As a recipient of a double lung transplant, Andrew wants to make the most of this new opportunity at life, even in self-isolation

It is a strange new world, there is a new normal and most people are all now living a new life.

I have cystic fibrosis and had a double lung transplant in May 2017 and all of us who have had transplants have already experienced living a new life. Mine has been amazing, something of a miracle. I owe so much to so many, namely the doctors, nurse and all the staff at both the Royal Brompton and Harefield hospitals, and also the young girl in her early 20’s and her family for agreeing to donate her lungs. This new opportunity at life simply cannot be wasted.

I enjoyed reading both Amy’s and Sophie’s blogs, both of whom expressed strong views about their feeling of responsibility to themselves, their families, their friends and the NHS to self-isolate. They are 100% correct, for we are the 1%, we are high risk, quite simply we have no option. As Sophie wrote, we have already had our second chance at life, we cannot take any more chances.

As I tap away, the sun is shining and the birds tweet, even more than me! A glorious idyllic scene yet who would know what’s really happening in the world? For all the terrible news we watch and listen to every day, those of us that self-isolate now live in something of a bubble. We watch the news footage of ICU units and our memories come flooding back of our own days in such environments and we pray that those we see on the television survive. It is dramatic, intense and moving. We understand and can empathise and we have huge admiration for those who work in such environments.

Meanwhile back in our bubble, days merge into one other, weeks pass without change and almost six weeks later, I wonder where has the time gone? I am very lucky. I am very healthy and I am able to work from home. I miss the day to day contact and banter, but we survive on emails, calls and zoom video conference meetings. It is fascinating seeing work colleagues inside their own homes and what they have chosen to wear for these calls – one looked like he was all set for a big night out!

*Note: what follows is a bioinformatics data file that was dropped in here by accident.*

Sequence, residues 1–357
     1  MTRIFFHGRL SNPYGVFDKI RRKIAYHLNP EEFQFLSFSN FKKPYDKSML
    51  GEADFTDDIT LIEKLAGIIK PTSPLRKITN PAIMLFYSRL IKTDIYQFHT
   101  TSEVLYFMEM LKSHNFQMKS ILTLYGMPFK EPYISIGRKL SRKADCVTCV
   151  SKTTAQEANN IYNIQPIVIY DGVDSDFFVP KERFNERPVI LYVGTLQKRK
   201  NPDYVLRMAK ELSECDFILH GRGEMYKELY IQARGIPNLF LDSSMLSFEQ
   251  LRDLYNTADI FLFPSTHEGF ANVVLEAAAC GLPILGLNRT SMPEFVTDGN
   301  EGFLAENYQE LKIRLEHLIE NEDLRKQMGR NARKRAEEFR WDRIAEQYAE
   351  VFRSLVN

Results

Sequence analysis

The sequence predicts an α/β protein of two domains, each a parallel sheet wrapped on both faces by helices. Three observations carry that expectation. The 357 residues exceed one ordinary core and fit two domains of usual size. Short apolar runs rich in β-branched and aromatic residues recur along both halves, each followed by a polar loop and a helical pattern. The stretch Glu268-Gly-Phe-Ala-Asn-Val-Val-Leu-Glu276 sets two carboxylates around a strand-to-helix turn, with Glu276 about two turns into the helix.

We have also discovered that two of us in our team have grown beards, me being one of them! Well, why not, I don’t see anyone these days and in all my 51 years this is something that I have never tried before. As these photos evidence, it has not been a huge success!

Friends go shopping for us and deliver food and drugs to the door, just perfect! “Hello Fresh” delivers food too, as does ‘the local’. I am very fortunate, for this really is not a hardship, it is just different. It is also a real opportunity to work on my fitness too. Pre-transplant I took the opportunity to invest in a treadmill and exercise bike, my only forms of exercise back in those days with the oxygen machine sat alongside me as I did my best to try to cycle and walk. These days I’m smashing my PB’s regularly, a life and a world away.

Social life has also taken on a whole new meaning and new technology has been an absolute wonder. In addition to zoom, we have regular chats with friends and family on Houseparty and Teams, but please, no more quizzes! I have been known to dress up on occasions too for a friend’s online birthday party, albeit perhaps a little too scary! Modern technology has probably saved us all in many ways. All the usual forums take a pounding from the iPhone with a massive increase in WhatsApp traffic yet not all the supposed ‘funnies’ are funny! Be careful, I think that there need to be rules – time is still precious!

There are joys and delights in the giving and receiving of messages – ‘keeping in touch’ is a big mantra, it helps us all get through in these unprecedented times. In addition, we can create our own pleasures.  A late breakfast in the garden reading the newspaper feels like such a luxury, even if the sports section is full of stories about events being cancelled. Also, listening to Spotify shuffles whilst exercising can be inspiring, uplifting and motivating. We all need a dose of all three to help keep us going whilst we wait for the world to change.

Life is like we have never known before. For those of us who have had transplants, we already have a new life, which we must cherish and do all we can to survive. Let’s just hope that as many of the rest of the population as possible are able to as well.   

If Andrew's blog had you thinking about your own experience shielding from COVID-19, get in touch, we’d love to share it!